Description: The Kyiv Institutional Buildings Energy Efficiency (KIBA) Project is being conducted to support the development of a program to improve the energy efficiency for heat and hot water provided by district heat in institutional (education, healthcare, and cultural) buildings owned and operated by State and Municipal Organizations in the City of Kyiv, Ukraine. KIBA is funded by the US Department of Energy and is being conducted in cooperation with the World Bank and the Ukrainian State Committee for Energy Conservation. This document provides a set of draft procedures for the installation of the efficiency measures to ensure that the quality of the installations is maximized and that cost is minimized. The procedures were developed as an integrated package to reflect the linkages that exist throughout the installation process.
Date: September 1, 1998
Partner: UNT Libraries Government Documents Department

Pennsylvania life cycle costing manual

Description: Until the 1970s, it was commonplace for institutions and governments to purchase equipment based on lowest initial (first) costs. Recurring costs such as operational, maintenance, and energy costs often were not considered in the purchase decision. If an agency wanted to buy something, it published specifications and requested bids from several manufacturers. Often, the lowest bidder who met the specifications won the job, with no consideration given to the economic life of the equipment or yearly recurring costs such as energy and maintenance costs. The practice of purchasing based on lowest initial costs probably did not make good economic sense prior to 1970, and it certainly does not make good sense now. The wise person will consider all costs and benefits associated with a purchase, both initial and post-purchase, in order to make procurement decisions that are valid for the life of the equipment. This describes a method of financial analysis that considers all pertinent costs: life cycle costing (LCC).
Date: February 1, 1996
Partner: UNT Libraries Government Documents Department

Governmental structure of the Russian Federation with respect to environmental and energy programs

Description: An investigation was conducted by the Environmental Planning Group, Inc., to provide an overview of the structure of government environmental and energy programs in the Russian Federation. The investigation was undertaken to provide a baseline of information to the US Department of Energy (DOE), so that technologies applicable to DOE environmental restoration and monitoring programs can be identified, tested, and transferred. Data for the report were collected through a network of Russian and American sources knowledgeable about environmental and energy programs in the Russian Federation. Sources of information included both US and Russian government personnel, nongovernmental organizations, private consultants, and experts from the academic and scientific communities. The peculiarities of the Union of Soviet Socialist Republics (USSR) remain prevalent in the structure of the Newly Independent States, especially in Russia. The legacy of communism is visible in all aspects of society, most particularly in the extreme environmental degradation that has resulted from careless central planning and policies of forced industrialization. Reforms initiated under Mikhail Gorbachev during the period of Perestroika were aimed at shifting power from the party to the respective government organs. In 1992 the Commonwealth of Independent States was created, joining 11 of the 15 republics into a loose federation. The investigation undertaken by the Environmental Planning Group, Inc., focused on the executive organs of the present Russian government in an effort to define key ministries with environmental and energy responsibilities. The structure of the Ministry of Ecology and Natural Resources (Minpriroda) and the Ministry of Atomic Power (Minatom) are presented. The Academy of Sciences and other ministries that have relevance to the transfer of technologies are discussed, as well as research institutions in which technologies appropriate to DOE programs are likely to reside.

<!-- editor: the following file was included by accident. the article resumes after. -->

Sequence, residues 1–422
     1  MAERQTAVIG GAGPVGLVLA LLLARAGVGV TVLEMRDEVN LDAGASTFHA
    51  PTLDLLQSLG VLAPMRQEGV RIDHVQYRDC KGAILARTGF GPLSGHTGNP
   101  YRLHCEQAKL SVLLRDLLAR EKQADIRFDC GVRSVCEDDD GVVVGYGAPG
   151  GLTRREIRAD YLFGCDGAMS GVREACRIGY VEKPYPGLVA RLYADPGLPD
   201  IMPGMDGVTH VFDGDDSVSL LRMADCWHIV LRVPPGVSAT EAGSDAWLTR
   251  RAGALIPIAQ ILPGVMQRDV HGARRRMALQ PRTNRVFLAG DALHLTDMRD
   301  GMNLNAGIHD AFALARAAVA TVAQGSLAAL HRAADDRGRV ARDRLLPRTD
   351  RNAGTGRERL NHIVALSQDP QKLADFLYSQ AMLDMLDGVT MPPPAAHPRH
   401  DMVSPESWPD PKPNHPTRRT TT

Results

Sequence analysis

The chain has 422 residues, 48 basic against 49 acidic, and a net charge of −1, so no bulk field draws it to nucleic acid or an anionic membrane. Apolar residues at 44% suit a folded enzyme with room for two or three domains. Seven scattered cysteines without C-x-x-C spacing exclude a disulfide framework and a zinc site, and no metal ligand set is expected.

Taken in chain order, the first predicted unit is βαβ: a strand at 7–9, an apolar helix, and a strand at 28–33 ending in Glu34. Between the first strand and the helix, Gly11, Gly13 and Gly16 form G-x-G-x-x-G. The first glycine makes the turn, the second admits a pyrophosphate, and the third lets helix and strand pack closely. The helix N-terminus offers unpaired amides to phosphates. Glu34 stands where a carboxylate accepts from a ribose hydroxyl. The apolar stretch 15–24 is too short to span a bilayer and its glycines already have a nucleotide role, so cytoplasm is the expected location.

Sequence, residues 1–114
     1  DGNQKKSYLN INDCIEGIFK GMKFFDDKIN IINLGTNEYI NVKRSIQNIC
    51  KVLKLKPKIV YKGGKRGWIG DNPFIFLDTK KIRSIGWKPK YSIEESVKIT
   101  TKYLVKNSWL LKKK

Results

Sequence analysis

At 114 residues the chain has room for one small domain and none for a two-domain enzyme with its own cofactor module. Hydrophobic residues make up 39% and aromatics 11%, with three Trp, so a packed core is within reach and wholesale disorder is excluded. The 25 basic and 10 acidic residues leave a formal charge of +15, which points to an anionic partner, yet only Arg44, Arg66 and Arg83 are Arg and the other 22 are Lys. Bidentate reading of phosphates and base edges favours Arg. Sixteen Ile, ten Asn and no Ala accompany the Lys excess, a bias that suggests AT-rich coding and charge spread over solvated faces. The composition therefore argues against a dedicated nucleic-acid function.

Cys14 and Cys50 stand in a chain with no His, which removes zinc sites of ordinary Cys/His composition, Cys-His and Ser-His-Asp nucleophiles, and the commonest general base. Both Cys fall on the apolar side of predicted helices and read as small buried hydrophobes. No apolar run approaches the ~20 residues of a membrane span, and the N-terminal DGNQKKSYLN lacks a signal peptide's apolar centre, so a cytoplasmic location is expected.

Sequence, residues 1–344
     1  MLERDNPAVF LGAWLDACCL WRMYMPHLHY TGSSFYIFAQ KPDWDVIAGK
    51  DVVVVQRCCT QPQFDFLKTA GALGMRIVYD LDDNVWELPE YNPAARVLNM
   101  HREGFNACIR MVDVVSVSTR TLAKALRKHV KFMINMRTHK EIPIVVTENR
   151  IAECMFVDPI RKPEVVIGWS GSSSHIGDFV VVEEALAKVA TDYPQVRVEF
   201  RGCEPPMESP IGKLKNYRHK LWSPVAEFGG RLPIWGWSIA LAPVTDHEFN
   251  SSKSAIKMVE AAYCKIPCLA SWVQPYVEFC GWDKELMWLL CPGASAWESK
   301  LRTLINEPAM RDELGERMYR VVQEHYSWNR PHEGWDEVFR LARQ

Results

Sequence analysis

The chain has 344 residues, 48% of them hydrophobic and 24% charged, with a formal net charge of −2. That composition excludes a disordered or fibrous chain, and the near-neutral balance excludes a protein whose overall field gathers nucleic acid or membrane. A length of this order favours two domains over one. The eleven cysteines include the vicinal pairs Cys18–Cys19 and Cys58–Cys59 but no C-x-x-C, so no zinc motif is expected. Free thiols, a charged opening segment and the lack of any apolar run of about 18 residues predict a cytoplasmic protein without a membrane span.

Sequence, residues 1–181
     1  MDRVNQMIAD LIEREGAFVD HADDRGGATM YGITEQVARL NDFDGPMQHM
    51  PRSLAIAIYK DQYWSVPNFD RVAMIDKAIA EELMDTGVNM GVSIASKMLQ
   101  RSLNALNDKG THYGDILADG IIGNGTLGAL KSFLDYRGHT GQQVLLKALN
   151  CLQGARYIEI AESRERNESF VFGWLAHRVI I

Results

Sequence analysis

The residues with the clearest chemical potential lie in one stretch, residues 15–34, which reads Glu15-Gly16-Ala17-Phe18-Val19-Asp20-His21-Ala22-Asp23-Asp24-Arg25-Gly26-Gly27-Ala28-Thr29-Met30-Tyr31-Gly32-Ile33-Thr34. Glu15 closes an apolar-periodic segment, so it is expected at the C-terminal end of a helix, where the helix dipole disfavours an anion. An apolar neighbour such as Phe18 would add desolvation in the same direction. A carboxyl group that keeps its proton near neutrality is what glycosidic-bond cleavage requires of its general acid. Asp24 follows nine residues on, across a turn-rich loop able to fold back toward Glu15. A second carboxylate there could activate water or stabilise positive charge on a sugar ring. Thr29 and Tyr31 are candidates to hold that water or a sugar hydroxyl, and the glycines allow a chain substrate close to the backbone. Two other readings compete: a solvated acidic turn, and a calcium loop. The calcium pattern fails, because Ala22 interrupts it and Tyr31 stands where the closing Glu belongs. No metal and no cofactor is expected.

Date: September 1, 1992
Creator: Colangelo, R.V.; Reistroffer, E.L. (Environmental Planning Group, Inc., Elk Grove Village, IL (United States)) & Edgar, D.E. (Argonne National Lab., IL (United States). Energy Systems Div.)
Partner: UNT Libraries Government Documents Department

Study of State Energy Conservation Program: 1979 energy savings indicators. [Estimated Btu's and dollars]

Description: This study reviewed 1979 energy savings reports provided by states for conservation measures in four major categories of State Energy Conservation Program services, namely: (1) industrial, commercial, and institutional; (2) residential; (3) thermal and lighting; and (4) transportation. Conservation measures in these categories constitute a major portion of the total estimated 1980 savings for the State Energy Conservation Program. This study only addressed measures in these categories for which usable documentation had been submitted by states. Based on a review of measures supported by available documentation, the study estimates that energy savings associated with the conservation measures reviewed were 108 TBtu's for the calendar year 1979. These estimated energy savings for 1979 were converted into 540 million dollars for 1979 and 2.8 billion dollars over the projected life of the conservation measures.